Another way to think about it is this: Why isn’t Ted Hobson the governor of Vermont in this foul Year of Our Lord, 2006?
He’s the one that got all of it right, way back when it all meant something.
January 20th, 2006
Emerging Bush Dogma: “Demand the Military Sooner”
by Philip Baruth
Admittedly, Brownie is pathetic. But he may also be a leading indicator, and an unsettling one at that.
Clearly Brown has never really ceased communication with the White House; it makes sense to look to him for both emerging revisionist history and creepy future trends.
In September, during Congressional hearings on Katrina, it was revisionist history. Brownie blamed the Democrats in Louisiana, and asserted that FEMA’s role was minimal. “FEMA doesn’t evacuate communities. FEMA does not do law enforcement. FEMA does not do communications.”
Yesterday, it was creepy future trend time.
“’I should have asked for the military sooner. I should have demanded the military sooner,’ Brown told a gathering of meteorologists at a ski resort in the Sierra Nevada.”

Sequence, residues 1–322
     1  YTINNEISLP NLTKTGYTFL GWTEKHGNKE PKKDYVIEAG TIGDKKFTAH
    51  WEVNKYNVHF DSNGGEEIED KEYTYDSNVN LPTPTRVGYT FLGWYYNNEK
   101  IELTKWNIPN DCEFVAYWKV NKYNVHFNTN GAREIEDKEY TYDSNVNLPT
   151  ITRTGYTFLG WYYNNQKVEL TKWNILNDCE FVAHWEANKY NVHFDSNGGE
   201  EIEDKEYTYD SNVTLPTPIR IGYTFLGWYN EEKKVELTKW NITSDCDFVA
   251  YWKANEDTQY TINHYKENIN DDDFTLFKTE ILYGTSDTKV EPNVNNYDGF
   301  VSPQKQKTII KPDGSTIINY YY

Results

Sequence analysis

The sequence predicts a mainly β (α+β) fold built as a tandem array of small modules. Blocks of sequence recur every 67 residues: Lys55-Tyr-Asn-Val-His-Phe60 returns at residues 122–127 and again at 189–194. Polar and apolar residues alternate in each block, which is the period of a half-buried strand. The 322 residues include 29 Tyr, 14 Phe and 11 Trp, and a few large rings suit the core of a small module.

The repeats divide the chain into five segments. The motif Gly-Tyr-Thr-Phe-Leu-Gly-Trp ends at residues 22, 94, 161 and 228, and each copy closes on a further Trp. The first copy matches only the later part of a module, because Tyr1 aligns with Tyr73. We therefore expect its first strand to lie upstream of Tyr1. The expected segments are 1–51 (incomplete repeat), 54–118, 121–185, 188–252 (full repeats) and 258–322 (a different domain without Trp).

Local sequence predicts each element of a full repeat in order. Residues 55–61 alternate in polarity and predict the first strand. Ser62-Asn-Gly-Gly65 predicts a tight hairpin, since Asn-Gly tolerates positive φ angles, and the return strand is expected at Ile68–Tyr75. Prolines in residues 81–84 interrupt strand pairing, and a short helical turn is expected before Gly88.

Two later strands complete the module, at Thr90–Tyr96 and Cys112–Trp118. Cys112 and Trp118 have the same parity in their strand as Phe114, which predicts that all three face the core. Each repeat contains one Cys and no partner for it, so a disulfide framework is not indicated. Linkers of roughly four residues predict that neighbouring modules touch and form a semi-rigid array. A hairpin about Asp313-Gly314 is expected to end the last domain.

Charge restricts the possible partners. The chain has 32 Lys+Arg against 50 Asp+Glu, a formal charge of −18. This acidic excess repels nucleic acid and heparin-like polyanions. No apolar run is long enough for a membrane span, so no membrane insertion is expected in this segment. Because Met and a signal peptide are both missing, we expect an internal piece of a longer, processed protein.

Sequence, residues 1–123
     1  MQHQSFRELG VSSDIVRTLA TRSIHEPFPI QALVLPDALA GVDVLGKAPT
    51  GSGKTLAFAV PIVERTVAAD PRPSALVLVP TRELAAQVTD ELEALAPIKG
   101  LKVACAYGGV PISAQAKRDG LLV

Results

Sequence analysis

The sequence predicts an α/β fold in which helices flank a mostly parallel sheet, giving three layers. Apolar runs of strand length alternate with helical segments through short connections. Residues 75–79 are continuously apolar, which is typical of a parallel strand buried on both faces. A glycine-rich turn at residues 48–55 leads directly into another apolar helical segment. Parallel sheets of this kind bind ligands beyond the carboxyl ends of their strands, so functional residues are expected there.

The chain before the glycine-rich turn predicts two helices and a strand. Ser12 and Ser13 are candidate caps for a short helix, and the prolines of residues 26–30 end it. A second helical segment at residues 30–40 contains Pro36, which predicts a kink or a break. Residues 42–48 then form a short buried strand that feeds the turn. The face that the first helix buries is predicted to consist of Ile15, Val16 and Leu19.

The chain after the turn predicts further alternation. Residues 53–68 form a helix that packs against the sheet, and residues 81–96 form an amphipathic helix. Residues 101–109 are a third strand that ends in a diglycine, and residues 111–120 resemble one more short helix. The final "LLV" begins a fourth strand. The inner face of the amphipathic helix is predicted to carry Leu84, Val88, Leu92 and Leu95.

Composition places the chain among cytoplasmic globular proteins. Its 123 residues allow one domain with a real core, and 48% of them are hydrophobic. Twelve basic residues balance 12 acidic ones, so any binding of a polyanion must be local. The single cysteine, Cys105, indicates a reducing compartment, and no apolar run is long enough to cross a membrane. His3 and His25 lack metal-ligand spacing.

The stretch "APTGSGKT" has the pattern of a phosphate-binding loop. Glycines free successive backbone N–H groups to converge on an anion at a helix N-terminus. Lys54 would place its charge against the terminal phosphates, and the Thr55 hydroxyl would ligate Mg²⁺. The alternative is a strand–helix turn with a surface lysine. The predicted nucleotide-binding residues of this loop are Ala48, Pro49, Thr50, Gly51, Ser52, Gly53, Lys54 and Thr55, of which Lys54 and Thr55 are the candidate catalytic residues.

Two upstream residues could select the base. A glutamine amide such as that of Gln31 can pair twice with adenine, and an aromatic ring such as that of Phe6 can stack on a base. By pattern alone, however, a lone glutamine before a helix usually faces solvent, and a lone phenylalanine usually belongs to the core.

I don’t know about you, but if I’m a meteorologist from Dubuque on a ski junket at a resort in the Sierra Nevadas, the last thing I want is a two-hour plenary session on “How You Too Can Fail The Nation” with Michael Brown.
But my point is this: if you put together this new military line, with the earlier FEMA-doesn’t-do-disasters line, you wind up with Bush’s emerging Homeland Security philosophy: empower the military in time of natural disaster or security crisis, almost any disaster or crisis.
Look at Bush’s plan on avian flu, to take another example. It amounts to getting on the phone to the Pentagon, and having the four-star types run the operation like a military engagement. Quarantine, curfew, etc. You know the drill.